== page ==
8 October 2018
Cogito Ergo Non Serviam
Brett M. Kavanaugh's Senate confirmation of his appointment to the US Supreme Court was an ugly affair. Saturday, he got the blessings of the upper chamber, 50-48. He took the oath of office almost immediately, and today, he is a sitting member of the highest court in the land. His vote will not be quite as decisive for conservatives as many believe. He replaces a swing voter in Justice Kennedy, but the outgoing justice swung right 90% of the time in the last term. Where his appointment will have the biggest impact is in the legitimacy of the court and the process by which judges are chosen. The rules have become optional.
This journal opposes the filibuster in the Senate as an anti-democratic tool used to thwart the will of the majority. The protection of minority rights is important, but the filibuster had become the rule of the minority in the hands of Mitch McConnell. It's abolition is vital. Nevertheless, it did serve to force presidents to appoint judges with some appeal to the opposite party. Harry Reid got rid of the filibuster for Supreme Court judges and cabinet appointees a few years ago, and Justice Kavanaugh is the result.
If the process were merely a case of putting together 51 votes in the Senate, one could accept the democratic principle involved. However, democracy also depends on open access to information, and that was not present in the recent ugliness.
The White House denied the Senate access to 100,000 or so documents Justice Kavanaugh wrote while he was part of the George W. Bush administration. While executive privilege may apply here, denying the senators access to those documents diminished the credibility of the process. When 42,000 documents were released the night before the confirmation hearings began, the spirit of openness took a blow, while technically, it was honored.
Next, the allegations of sexual assault that emerged should have been handled should have been investigated more thoroughly than they were. The FBI could only follow the guidelines set for its investigation by the White House, and the White House did not want to find the truth. It wanted political cover for a vote to confirm. That is exactly what it got.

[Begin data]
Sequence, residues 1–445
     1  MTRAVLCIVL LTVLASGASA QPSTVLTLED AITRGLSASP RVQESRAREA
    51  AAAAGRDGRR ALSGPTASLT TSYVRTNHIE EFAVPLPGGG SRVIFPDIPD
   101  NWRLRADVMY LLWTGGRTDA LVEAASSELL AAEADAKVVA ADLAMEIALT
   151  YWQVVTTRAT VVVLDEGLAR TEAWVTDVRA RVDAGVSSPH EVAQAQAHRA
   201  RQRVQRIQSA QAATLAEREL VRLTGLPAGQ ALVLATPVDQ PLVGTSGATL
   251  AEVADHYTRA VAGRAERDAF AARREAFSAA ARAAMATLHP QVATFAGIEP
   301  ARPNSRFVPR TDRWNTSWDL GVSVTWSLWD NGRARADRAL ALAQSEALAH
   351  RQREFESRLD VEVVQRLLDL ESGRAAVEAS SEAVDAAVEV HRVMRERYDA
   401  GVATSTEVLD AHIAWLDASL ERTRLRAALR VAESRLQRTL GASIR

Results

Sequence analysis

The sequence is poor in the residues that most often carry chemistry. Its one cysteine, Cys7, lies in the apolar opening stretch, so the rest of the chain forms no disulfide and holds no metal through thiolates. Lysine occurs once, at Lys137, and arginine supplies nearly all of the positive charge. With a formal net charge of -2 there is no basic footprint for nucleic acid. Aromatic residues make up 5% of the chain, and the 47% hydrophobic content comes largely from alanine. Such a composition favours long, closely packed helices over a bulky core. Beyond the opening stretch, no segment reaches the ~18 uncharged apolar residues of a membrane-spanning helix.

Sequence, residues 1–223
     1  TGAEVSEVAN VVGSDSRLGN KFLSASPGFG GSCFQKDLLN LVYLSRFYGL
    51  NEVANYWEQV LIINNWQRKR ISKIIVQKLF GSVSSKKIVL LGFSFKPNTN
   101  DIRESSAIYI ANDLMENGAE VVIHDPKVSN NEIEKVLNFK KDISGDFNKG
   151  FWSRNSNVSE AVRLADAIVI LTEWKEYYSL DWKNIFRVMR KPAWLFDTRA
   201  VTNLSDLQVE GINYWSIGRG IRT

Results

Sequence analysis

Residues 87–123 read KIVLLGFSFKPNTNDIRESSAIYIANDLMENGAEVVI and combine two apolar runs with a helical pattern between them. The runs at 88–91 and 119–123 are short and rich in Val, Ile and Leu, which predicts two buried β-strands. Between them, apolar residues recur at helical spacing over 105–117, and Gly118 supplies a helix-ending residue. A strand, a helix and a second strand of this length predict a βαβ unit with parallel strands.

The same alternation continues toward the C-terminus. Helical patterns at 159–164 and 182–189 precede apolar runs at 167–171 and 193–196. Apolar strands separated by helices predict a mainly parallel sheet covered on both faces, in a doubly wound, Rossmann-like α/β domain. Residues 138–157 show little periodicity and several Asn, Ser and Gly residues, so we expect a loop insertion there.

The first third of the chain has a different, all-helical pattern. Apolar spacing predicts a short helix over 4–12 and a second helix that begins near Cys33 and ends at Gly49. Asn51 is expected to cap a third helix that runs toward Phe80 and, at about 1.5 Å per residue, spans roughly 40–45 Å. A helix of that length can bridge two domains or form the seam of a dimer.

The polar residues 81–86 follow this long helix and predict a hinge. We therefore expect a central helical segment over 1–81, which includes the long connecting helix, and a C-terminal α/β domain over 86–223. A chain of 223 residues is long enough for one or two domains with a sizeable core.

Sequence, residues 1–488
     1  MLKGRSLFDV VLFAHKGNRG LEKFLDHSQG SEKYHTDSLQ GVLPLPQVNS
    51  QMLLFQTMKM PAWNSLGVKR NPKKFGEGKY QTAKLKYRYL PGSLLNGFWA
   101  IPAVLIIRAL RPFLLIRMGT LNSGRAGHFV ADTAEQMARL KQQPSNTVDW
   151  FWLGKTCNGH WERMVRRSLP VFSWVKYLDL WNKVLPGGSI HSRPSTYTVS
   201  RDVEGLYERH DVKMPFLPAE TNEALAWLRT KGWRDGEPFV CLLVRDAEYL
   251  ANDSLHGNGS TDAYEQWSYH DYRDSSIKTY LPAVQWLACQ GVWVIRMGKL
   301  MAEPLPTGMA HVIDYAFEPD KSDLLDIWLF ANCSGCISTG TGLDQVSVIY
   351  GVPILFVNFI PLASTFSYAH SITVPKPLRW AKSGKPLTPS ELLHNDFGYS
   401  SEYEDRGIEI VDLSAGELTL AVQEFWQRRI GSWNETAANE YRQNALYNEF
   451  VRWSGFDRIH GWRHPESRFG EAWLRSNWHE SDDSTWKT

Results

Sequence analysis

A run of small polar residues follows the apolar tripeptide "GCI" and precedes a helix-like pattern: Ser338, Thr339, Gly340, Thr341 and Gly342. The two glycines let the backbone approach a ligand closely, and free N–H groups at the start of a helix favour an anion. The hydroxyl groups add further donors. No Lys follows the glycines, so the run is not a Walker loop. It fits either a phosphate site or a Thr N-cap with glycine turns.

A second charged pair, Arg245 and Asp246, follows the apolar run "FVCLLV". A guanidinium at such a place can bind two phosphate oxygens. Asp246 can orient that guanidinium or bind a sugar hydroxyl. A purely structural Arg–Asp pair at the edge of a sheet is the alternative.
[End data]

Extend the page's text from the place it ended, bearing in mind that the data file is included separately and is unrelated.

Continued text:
The process is clearly broken, but the legitimacy of the court is in doubt even beyond that. Bluntly put, the court showed its true colors in Bush v. Gore, when the Supreme Court of the United States instructed a state's officials to stop counting votes in a presidential election. This violated the spirit of democracy in halting the count, and it was a case in which the Supreme Court had no business. Elections in the US are under authority of the states.
There may come a time when the Democrats hold both houses of Congress and the White House. The Republicans have opened the door for them to ignore all norms. There is nothing stopping such a Congress and White House from abolishing the existing federal court system and replacing it with a different one and stipulating in that legislation that all sitting judges are without jobs. The president could fill all of those new spots and a compliant Senate could approve en masse all of the appointed judges. There is now nothing stopping this.
The Republic is still standing despite the presidency of Donald Trump. The Republic is still standing despite the political actions of the judiciary. The Republic is still standing despite the Congressional abdication of its oversight responsibilities. The real question is how much more stress can the institutions handle?
© Copyright 2018 by The Kensington Review, Jeff Myhre, PhD, Editor. No part of this publication may be reproduced without written consent. Produced using Ubuntu Linux.